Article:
Harkleroad married ATP pro Alex Bogomolov, Jr. in December 2004, and they divorced in October 2006.[4] She is now married to former ATP pro Chuck Adams. During US Open coverage on the USA network on August 29, 2008, commentator John McEnroe announced that Harkleroad was pregnant with Adams's child. She gave birth to son Charlie on March 30, 2009.[5] On April 4, 2011, she gave birth to daughter Loretta Lynn.[6]

US Playboy's first professional tennis player

Following the 2008 French Open, Harkleroad told reporters she would appear in the August 2008 issue of Playboy, a decision she made while convalescing from ovarian cyst surgery in March 2008. In an on-the-air interview, broadcast during the 2008 Wimbledon Championships, Harkleroad stated that Amanda Beard's 2007 pictorial was partly an inspiration for her own.[7]

WTA career finals

Singles: 1 (0-1)

Grand Slam tournaments (0-0)
WTA Championships (0-0)
Tier I (0-0)
Tier II (0-0)
Tier III (0-0)
Tier IV & V (0-1)
Outcome No. Date Tournament Surface Opponent Score
Runner-up 1. 10 January 2004 ASB Classic Hard Greece Eleni Daniilidou 3-6, 2-6

Doubles: 4 (0-4)

Grand Slam tournaments (0-0)
WTA Championships (0-0)
Tier I (0-0)
Tier II (0-0)
Tier III (0-2)
Tier IV & V (0-2)
Outcome No. Date Tournament Surface Partner Opponents Score
Runner-up 1. September 29, 2003 Japan Open Hard United States Ansley Cargill Russia Maria Sharapova
Thailand Tamarine Tanasugarn
6-7(1-7), 0-6
Runner-up 2. 6 November 2005 Bell Challenge Hard (i) Latvia L?ga Dekmeijere Russia Anastasia Rodionova
Russia Elena Vesnina
7-6(7-4), 4-6, 2-6
Runner-up 3. May 14, 2006 ECM Prague Open Clay United States Bethanie Mattek-Sands France Marion Bartoli
Israel Shahar Pe'er
4-6, 4-6
Runner-up 4. May 21, 2006 Grand Prix SAR La Princesse Lalla Meryem Clay United States Bethanie Mattek-Sands China Zheng Jie
China Yan Zi
1-6, 3-6

ITF titles

Singles: 8

No. Date Tournament Surface Opponent Score
1. July 7, 2002 Los Gatos, California, United States Hard Israel Tzipi Obziler 6-2, 6-2
2. August 18, 2002 Bronx, United States Hard Slovakia ?ubomíra Kurhajcová 6-1, 6-3
3. July 17, 2005 Louisville, United States Hard France Séverine Brémond 4-6, 7-5, 6-0
4. August 7, 2005 Washington, D.C., United States Hard Russia Olga Poutchkova 6-2, 6-1
5. October 15, 2006 San Francisco, United States Hard Argentina Clarisa Fernández 6-2, 6-3
6. October 14, 2007 San Francisco, United States Hard India Sunitha Rao 6-1, 6-2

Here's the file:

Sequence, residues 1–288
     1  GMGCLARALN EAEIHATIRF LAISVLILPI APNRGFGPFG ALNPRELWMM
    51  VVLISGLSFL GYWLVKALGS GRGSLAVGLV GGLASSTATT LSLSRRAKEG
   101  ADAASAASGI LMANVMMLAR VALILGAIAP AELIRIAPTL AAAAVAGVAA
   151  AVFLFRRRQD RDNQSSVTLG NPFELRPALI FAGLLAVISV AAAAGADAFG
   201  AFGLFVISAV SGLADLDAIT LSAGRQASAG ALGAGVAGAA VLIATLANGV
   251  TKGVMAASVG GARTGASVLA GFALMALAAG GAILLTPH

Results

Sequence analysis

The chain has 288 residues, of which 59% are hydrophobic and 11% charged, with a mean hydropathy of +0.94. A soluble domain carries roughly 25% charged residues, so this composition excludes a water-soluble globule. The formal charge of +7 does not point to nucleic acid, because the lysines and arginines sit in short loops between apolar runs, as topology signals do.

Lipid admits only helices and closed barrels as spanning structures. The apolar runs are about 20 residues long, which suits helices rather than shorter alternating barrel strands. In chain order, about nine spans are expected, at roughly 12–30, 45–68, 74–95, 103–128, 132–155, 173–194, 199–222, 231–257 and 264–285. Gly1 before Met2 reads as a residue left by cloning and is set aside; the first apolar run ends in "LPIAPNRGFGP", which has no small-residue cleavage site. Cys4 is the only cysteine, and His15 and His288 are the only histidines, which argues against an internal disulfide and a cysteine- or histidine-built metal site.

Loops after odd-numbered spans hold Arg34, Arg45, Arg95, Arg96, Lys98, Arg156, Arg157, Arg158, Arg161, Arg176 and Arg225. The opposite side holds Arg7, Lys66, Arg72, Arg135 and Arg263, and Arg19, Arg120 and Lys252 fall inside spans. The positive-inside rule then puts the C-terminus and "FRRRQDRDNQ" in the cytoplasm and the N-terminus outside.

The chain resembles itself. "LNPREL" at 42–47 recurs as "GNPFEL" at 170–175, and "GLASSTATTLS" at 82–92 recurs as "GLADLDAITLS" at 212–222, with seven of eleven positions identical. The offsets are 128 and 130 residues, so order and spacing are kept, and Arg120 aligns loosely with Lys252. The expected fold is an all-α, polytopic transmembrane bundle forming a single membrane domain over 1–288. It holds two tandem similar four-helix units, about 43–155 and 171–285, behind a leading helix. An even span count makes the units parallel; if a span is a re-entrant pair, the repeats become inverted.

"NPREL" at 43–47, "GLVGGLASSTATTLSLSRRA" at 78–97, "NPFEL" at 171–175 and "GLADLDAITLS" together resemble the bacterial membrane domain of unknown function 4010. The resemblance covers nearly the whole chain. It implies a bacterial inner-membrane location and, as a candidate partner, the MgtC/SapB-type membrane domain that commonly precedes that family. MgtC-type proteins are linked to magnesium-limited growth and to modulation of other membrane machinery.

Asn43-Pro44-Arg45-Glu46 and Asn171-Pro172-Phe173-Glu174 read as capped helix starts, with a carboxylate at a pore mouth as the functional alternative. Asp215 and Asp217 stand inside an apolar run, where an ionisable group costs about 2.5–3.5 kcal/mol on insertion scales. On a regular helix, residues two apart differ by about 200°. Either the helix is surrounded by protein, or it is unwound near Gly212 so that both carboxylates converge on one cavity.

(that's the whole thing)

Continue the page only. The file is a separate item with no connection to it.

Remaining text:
7. November 11, 2007 Pittsburgh, United States Hard Russia Olga Poutchkova 4-6, 6-4, 6-3
8. November 18, 2007 La Quinta, United States Hard Canada Stéphanie Dubois 6-3, 7-6(8-6)

Grand Slam performance timelines


Championship 2001 2002 2003 2004 2005 2006 2007 2008 Career W-L
Australian Open A A Q2 1R A 2R 3R 1R 3-4
French Open A A 3R 2R A 2R 2R 1R 5-5
Wimbledon A A 1R 1R 1R 2R 1R 1R 1-6
U.S. Open 1R 1R 2R A 1R 1R 1R A 1-6
Win-Loss 0-1 0-1 3-3 1-3 0-2 3-4 3-4 0-3 10-21


Championship 2001 2002 2003 2004 2005 2006 2007 2008 Career W-L
Australian Open A A 1R 1R A A QF 1R 3-4
French Open A A 1R A A 1R 1R QF 3-4
Wimbledon A A 1R Q1 A 3R 1R 1R 2-4
US Open 1R 3R 1R A 1R 3R 2R A 5-6
Win-Loss 0-1 2-1 0-4 0-1 0-1 4-3 4-4 3-3 13-18


  1. ^ "Venus Williams breaks record for fastest serve by a woman". Sporting News. 2007-05-30. Archived from the original on 2007-08-25. Retrieved .
  2. ^ Camers, Simon (2007-08-28). "Record serve in Venus romp". Fox Sports. Retrieved .
  3. ^ McGrogan, Ed (January 11, 2013). "Sydney: Radwanska d. Cibulkova". Retrieved .
  4. ^ a b ITF Tennis - Women's Circuit - Player Biography
  5. ^ "Harkleroad Wedding Photos". Tennis Grandstand. November 17, 2009. Archived from the original on November 20, 2009. Retrieved .
  6. ^ "Archived copy". Archived from the original on 2012-08-01. Retrieved .CS1 maint: archived copy as title (link)
  7. ^ Tennis-Open-Harkleroad fulfils naked ambition with Playboy shoot

External links

  This article uses material from the Wikipedia page available here. It is released under the Creative Commons Attribution-Share-Alike License 3.0.